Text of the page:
Tata has long targeted fleet sales and leasing for mass transportation, including a prototype for low-cost public transport minivan or angkot using the platform of its Super Ace pickup and a partnership with Bluebird taxi company to rent Arias.

Unlike other manufacturers in the country, Tata has a wide range of products from small pickups to cars to mining trucks, Biswadev said and this year, 10 new models and 18 variants including the higher Arias and Stormes will be shipped to Indonesia, he said.

“Our job now is to build our brand and good quality network, that’s our target. If we can do that properly, volume and other business parameters will ultimately be taken care of,” he said. “It’s true we are not doing a charity, it’s business. But business is a long-term project. Right now the objective is to build our brand because we are just coming in to the market, many people still don’t know about Tata brand; not only about the name Tata, but what we stand for, our value, and what kind of cars we make.”

 

About bambooinnovator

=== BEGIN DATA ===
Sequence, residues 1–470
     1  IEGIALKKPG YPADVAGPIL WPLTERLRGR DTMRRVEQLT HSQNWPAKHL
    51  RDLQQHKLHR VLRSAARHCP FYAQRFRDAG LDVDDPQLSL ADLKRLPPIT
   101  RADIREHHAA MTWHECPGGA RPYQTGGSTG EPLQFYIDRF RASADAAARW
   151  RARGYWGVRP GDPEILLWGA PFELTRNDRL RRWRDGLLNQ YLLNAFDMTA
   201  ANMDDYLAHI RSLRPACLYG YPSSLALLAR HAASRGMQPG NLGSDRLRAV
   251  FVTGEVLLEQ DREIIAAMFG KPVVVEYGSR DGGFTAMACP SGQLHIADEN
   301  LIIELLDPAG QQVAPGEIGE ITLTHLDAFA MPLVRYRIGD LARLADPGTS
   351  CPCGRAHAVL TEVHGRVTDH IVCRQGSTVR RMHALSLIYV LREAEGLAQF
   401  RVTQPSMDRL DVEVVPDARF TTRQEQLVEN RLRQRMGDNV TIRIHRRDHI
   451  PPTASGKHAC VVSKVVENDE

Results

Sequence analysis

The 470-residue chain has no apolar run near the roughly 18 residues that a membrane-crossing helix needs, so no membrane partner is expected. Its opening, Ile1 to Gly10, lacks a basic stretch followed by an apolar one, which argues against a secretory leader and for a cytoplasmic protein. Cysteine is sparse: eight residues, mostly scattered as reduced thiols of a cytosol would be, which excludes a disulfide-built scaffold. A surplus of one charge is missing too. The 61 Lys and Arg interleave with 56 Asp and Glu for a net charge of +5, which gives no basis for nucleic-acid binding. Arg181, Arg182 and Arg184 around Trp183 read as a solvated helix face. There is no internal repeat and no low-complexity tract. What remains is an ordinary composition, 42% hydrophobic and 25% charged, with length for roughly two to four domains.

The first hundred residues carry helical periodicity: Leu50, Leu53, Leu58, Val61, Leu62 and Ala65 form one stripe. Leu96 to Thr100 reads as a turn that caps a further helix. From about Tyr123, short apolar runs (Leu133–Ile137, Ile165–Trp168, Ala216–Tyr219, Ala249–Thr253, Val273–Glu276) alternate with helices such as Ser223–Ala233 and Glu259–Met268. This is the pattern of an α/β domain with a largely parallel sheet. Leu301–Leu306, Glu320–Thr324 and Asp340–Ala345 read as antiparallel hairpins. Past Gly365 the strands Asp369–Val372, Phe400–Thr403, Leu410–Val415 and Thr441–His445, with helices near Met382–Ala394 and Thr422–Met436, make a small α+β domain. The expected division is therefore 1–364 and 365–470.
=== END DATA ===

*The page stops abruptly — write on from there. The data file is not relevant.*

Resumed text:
Kee Koon Boon (“KB”) is the co-founder and director of HERO Investment Management which provides specialized fund management and investment advisory services to the ARCHEA Asia HERO Innovators Fund (www.heroinnovator.com), the only Asian SMID-cap tech-focused fund in the industry. KB is an internationally featured investor rooted in the principles of value investing for over a decade as a fund manager and analyst in the Asian capital markets who started his career at a boutique hedge fund in Singapore where he was with the firm since 2002 and was also part of the core investment committee in significantly outperforming the index in the 10-year-plus-old flagship Asian fund. He was also the portfolio manager for Asia-Pacific equities at Korea’s largest mutual fund company. Prior to setting up the H.E.R.O. Innovators Fund, KB was the Chief Investment Officer & CEO of a Singapore Registered Fund Management Company (RFMC) where he is responsible for listed Asian equity investments. KB had taught accounting at the Singapore Management University (SMU) as a faculty member and also pioneered the 15-week course on Accounting Fraud in Asia as an official module at SMU. KB remains grateful and honored to be invited by Singapore’s financial regulator Monetary Authority of Singapore (MAS) to present to their top management team about implementing a world’s first fact-based forward-looking fraud detection framework to bring about benefits for the capital markets in Singapore and for the public and investment community. KB also served the community in sharing his insights in writing articles about value investing and corporate governance in the media that include Business Times, Straits Times, Jakarta Post, Manual of Ideas, Investopedia, TedXWallStreet. He had also presented in top investment, banking and finance conferences in America, Italy, Sydney, Cape Town, HK, China. He has trained CEOs, entrepreneurs, CFOs, management executives in business strategy & business model innovation in Singapore, HK and China.